No one wants to come home to find that their house has been ransacked and their prized possessions were stolen while they were at work.
Though Canada enjoys a reputation as a safe country, living in this Great North doesn’t mean leaving your doors unlocked and your valuables in plain sight are recommended habits.
Toronto frequently receives global recognition for its safety. In 2015, for example, The Economist named it one of the safest cities in North America and last year the city placed fourth on the Economist Intelligence Unit's Safe City Index.
In this post, we’ll go over some theft statistics and give you 5 ways to protect your home from thieves.
In Canada’s biggest city, Toronto Police Services compiled statistics on theft, among other crimes.
In 2018 so far, Toronto has seen 6,235 break and enters (B&E), which is up 9% from 2017.
Generally, Mondays see the most B&Es, followed by Thursdays. Saturdays see the fewest break-in reports. If your home has been broken into before, your home is 12 times more likely to be broken into again.
Ground level single-family homes are 15% more likely to be ransacked than apartments, and November (this month!) is the most popular month for these kinds of criminals.
In the spirit of Canadian kindness, many homes in “safe” neighbourhoods are often left unlocked, something that police say is an easy opportunity for a criminal.
Always make sure to lock up the house and any open windows, your garage, side gate and any other entryways on a routine basis.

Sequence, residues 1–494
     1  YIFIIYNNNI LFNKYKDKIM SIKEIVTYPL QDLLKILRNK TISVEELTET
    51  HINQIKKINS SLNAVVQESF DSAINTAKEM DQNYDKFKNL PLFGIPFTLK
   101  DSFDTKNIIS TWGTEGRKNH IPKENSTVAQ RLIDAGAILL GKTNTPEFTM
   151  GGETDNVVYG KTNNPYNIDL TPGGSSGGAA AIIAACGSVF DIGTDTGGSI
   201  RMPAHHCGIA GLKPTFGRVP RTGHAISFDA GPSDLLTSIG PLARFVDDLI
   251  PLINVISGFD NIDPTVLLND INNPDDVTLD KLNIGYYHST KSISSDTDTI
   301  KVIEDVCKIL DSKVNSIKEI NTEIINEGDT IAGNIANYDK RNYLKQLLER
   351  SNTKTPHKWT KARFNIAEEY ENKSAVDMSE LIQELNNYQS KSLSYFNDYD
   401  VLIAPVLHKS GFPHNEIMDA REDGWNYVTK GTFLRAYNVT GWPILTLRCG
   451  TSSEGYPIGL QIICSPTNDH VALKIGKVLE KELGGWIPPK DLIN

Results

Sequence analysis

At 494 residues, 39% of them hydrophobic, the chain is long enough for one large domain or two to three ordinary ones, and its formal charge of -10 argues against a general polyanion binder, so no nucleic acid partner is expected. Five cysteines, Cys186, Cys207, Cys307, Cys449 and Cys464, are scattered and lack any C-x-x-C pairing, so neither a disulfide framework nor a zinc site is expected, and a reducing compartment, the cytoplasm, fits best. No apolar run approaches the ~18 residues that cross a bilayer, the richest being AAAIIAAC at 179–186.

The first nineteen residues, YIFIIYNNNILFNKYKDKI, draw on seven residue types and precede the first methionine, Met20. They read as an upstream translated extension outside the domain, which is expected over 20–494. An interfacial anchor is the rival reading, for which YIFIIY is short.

The first thing a burglar wants is to hide. You can make it harder for thieves to have coverage by making sure your doors and windows can be clearly seen from the street.
Trim hedges around windows and main doors so they’re no obscured, install motion-sensor lights to make it obvious when something triggers the sensor, and make sure to report any broken streetlights around your home.
Invest in strengthening your defenses, which means improving the condition of locks on your doors and windows.
Older homes may not have had their window locks checked for structural integrity, and many victims of theft can attest to having their older window and door locks manipulated.
A solid deadbolt is old-fashioned but time-honoured.
It’s not just the main home that a thief will try to break into, garages, garden sheds, pool houses, backyards and cars are all potential targets, especially since they can provide tools needed to help burglars gain access to the main home.
In Australia, trash bins have been thrown through windows to break and enter.
Use keyed U-locks and motion-sensor lights on exterior targets to keep potential aides out of reach.
If you’re on holiday, have a friend or neighbour pick up your mail so it doesn’t pile up. Further, have a neighbour park in your driveway while you’re away. Lights and radios set on timers can also act as a deterrent to thieves as it gives off the impression that your home is in fact, occupied.
Having a home security system can also lower your home insurance premium.
As it should go without saying, keep valuables out of sight from windows, draw your curtains, install alarms, bring a guard doggie into the family if it’s feasible and reach out to your neighbours so you can have a close point of contact.
We’re all in this together, folks!